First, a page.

Published: Thu, December 06, 2018
Markets | By Noel Gibbs

Paris police brace for violence as more protests are likely

Paris police brace for violence as more protests are likely

French protesters welcome Macron's decision to scrap the fuel tax rise planned for next year, but said it may not be enough to contain public anger.

Mr Macron told cabinet members that some followers of the yellow-vest movement - so-called because of the high-visibility vests worn by protesters - wanted to attack not just his presidency but the entire state apparatus as well.

A group of demonstrators wearing their yellow vest pose on an occupied traffic circle, Wednesday, Dec. 5, 2018 outside La Mede oil refinery, near Martigues, southeastern France.

The protests began on Nov 17 in opposition to rising fuel taxes, but they have ballooned into a broad challenge to Macron's pro-business agenda and complaints that he is out of touch with the struggles of ordinary people.

Across France, four people have been killed in accidents linked to the demonstrations and road blockades, and hundreds injured.

Since returning from the G20 summit in Argentina, Macron has either remained in his palace residence or else shied away from speaking publicly about the protests that have created his biggest political crisis since taking office last May.

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U.S. President Donald Trump appeared to mock Macron over the policy shift, which could make it harder for France to meet its Carbon dioxide emissions reduction target, a core element of the Paris climate agreement of 2015.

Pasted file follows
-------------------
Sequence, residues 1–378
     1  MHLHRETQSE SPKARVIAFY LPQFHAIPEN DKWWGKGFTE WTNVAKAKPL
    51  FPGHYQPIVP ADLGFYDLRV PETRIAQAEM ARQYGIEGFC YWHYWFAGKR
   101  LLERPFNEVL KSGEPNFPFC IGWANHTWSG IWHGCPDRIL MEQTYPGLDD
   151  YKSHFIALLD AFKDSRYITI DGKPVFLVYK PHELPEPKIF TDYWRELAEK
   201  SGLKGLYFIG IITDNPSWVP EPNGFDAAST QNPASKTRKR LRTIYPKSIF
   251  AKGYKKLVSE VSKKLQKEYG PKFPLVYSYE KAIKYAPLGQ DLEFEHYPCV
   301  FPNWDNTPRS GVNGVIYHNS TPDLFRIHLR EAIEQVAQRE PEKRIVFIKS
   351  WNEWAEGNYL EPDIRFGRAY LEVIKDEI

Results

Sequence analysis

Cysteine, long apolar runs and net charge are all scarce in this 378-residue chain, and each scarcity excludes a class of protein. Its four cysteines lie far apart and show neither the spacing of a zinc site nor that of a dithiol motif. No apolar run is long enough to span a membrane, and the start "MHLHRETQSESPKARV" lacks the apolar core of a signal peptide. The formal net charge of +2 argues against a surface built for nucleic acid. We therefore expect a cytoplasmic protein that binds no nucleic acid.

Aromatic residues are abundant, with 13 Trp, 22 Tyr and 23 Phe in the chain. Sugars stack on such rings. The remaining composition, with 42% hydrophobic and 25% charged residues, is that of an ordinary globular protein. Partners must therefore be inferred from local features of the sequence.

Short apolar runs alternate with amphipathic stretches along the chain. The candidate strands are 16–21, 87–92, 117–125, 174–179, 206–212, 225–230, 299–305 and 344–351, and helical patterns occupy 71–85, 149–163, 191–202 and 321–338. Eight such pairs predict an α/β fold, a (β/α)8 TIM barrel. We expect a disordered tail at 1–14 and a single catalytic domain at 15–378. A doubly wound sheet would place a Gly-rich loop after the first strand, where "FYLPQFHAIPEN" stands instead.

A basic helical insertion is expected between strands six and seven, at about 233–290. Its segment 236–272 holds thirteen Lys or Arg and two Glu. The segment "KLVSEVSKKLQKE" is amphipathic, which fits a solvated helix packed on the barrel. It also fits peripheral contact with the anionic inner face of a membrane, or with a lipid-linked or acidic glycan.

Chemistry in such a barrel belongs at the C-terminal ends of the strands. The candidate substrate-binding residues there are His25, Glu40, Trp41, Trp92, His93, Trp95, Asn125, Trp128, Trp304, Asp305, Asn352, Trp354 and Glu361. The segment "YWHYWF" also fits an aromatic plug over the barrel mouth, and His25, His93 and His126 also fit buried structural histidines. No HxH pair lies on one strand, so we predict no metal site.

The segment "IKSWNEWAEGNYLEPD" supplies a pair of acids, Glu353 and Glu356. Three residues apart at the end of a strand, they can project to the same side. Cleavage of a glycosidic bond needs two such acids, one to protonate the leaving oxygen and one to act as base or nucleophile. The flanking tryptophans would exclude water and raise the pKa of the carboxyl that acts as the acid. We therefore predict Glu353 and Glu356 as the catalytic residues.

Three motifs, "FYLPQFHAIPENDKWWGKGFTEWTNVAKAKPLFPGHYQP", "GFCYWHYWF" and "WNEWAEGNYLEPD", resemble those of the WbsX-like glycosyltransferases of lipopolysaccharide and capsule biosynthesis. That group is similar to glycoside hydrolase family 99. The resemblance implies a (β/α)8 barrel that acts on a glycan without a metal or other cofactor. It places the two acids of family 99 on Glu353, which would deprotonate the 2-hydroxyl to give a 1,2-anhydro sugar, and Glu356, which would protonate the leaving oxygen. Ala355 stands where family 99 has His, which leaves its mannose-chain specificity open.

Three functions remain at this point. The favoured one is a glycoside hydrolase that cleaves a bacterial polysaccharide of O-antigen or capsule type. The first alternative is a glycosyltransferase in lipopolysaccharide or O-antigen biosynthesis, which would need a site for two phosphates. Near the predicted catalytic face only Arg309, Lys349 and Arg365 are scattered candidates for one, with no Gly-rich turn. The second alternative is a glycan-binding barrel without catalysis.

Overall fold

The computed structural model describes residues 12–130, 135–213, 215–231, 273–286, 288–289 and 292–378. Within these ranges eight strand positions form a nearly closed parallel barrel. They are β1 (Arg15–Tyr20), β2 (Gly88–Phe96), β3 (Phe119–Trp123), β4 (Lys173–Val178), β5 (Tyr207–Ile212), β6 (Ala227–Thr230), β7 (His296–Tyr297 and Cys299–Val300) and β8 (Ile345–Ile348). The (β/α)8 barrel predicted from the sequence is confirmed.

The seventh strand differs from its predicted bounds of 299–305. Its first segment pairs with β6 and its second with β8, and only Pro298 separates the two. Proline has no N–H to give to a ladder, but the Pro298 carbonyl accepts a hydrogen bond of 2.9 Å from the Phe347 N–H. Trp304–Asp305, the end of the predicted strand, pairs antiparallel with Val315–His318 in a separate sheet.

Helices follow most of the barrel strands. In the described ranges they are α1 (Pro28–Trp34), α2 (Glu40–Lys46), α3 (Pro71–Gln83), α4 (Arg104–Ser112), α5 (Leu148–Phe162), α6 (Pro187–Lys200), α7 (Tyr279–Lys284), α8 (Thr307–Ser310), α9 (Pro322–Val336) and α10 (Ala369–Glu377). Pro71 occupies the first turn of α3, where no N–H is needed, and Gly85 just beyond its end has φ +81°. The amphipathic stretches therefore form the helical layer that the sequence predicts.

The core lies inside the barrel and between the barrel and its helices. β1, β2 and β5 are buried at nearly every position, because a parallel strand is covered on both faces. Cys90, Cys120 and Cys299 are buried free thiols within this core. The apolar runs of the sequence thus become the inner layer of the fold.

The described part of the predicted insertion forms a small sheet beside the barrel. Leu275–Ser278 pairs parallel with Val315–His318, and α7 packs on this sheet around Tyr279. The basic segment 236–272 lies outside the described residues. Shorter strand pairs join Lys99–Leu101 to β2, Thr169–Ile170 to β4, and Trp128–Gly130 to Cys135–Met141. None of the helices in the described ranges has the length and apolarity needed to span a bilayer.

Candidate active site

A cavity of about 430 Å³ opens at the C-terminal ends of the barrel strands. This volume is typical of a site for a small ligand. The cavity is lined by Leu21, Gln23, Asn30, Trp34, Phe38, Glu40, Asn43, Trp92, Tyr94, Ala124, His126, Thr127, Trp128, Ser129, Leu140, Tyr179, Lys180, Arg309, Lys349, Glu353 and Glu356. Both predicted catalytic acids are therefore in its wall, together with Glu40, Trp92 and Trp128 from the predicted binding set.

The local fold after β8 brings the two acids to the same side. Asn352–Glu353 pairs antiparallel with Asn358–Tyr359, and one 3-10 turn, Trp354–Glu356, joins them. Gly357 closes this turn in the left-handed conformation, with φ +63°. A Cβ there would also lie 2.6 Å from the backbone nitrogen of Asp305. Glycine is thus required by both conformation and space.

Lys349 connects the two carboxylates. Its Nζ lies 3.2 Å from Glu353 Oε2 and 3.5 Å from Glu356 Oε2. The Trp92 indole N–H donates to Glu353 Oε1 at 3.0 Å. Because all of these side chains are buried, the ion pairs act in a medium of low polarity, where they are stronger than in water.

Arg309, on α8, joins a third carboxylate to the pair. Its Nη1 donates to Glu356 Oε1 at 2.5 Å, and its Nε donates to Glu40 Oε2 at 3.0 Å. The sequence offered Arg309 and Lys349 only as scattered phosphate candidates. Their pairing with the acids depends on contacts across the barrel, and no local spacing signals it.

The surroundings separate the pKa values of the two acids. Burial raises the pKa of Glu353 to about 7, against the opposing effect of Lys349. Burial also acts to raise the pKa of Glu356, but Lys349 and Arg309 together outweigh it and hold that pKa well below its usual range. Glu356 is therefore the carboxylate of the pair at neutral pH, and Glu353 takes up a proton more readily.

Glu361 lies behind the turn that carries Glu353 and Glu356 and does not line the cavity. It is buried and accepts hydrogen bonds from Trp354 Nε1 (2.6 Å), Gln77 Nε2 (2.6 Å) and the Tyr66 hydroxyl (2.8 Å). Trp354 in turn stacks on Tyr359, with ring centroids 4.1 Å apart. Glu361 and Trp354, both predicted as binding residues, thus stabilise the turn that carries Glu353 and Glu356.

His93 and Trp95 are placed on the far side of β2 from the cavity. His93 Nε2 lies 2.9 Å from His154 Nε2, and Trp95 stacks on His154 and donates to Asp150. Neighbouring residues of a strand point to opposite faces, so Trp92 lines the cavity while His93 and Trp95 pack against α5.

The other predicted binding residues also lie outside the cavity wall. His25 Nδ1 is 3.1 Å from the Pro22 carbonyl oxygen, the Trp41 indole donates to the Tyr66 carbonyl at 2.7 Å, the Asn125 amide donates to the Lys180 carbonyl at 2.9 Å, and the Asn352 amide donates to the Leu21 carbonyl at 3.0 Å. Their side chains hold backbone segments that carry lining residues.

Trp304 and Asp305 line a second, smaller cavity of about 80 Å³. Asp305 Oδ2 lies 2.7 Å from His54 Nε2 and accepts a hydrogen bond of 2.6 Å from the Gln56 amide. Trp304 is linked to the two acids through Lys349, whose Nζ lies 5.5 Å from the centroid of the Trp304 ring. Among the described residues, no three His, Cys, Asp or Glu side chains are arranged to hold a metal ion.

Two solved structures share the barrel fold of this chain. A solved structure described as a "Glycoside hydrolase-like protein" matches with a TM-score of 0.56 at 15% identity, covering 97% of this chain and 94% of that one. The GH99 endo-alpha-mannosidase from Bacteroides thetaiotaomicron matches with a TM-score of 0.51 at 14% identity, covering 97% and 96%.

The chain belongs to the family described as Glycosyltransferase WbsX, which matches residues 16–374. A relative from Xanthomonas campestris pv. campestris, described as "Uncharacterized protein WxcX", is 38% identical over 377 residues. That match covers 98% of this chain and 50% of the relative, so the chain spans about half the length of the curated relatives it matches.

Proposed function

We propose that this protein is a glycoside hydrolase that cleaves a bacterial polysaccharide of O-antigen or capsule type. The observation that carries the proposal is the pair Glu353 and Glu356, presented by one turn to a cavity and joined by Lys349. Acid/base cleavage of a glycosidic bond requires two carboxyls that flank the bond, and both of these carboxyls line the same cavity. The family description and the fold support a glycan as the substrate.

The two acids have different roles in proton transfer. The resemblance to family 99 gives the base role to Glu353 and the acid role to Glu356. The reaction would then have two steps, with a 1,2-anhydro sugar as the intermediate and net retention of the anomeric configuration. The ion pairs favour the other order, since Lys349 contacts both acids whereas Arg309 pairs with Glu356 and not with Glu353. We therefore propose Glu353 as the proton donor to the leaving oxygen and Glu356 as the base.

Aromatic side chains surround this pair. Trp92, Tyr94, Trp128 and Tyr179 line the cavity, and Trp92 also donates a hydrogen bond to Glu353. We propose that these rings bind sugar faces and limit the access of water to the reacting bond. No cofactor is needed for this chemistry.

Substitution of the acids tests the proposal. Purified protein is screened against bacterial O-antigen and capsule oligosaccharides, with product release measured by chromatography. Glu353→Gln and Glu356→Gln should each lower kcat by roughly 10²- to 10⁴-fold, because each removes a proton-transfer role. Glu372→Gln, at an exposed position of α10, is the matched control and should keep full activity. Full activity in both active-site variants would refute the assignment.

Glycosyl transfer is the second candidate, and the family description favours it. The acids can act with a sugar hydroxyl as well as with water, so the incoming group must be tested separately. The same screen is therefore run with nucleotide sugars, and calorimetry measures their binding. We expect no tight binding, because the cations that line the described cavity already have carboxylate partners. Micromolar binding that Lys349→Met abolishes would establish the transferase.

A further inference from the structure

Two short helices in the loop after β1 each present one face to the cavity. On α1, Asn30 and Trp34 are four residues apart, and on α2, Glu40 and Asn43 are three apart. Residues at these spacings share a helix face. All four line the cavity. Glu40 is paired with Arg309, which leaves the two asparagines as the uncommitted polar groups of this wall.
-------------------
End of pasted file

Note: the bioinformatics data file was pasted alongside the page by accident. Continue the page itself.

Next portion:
And rioting in the streets is what put an end to a new gas-tax proposal in France this week.

The budget can be renegotiated through the year, but given the scale of the recent protests, Macron is unlikely to revive the added fuel tax idea anytime soon.

"What we are asking of you Mr Prime Minister, is not a postponement".

The concessions made by France's prime minister in a bid to stop the huge and violent anti-government demonstrations that have been rocking France over the past three weeks, seem to have so far failed to convince protesters, with trade unions and farmers now threatening to join the fray.

Immediately after coming to power in 2017, Macron pushed through tax cuts for entrepreneurs and high-earners - an "original sin" for his critics. French citizens were already hit with a tax increase in January, and more than 60% of the cost of fuel in France comes from government fees.

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Eric Drouet, another spokesman in the movement, said before the announcement from President Macron, "A tax freeze does not change the living conditions in the immediate future".

And on Wednesday, France's largest farmers union said it will launch protests next week, after trucking unions called for a rolling strike. People angry about the planned tax increase donned the yellow emergency vests all French drivers must have in their cars in case of a breakdown and took to the streets in mid-November.

At Tolbiac University in downtown Paris, students took over a school building and classes were canceled.

Labour unions are also meeting Thursday to weigh their response to the movement, which has billed itself as a grassroots protest unaligned with any political party or union.

However, his policies have angered many French citizens who say he does not care about most of the people.

In a disparaging tweet, U.S. President Donald Trump claimed that Macron's decision Tuesday to delay the gas tax hike showed that the French leader doesn't believe in the 2015 Paris global climate accord.

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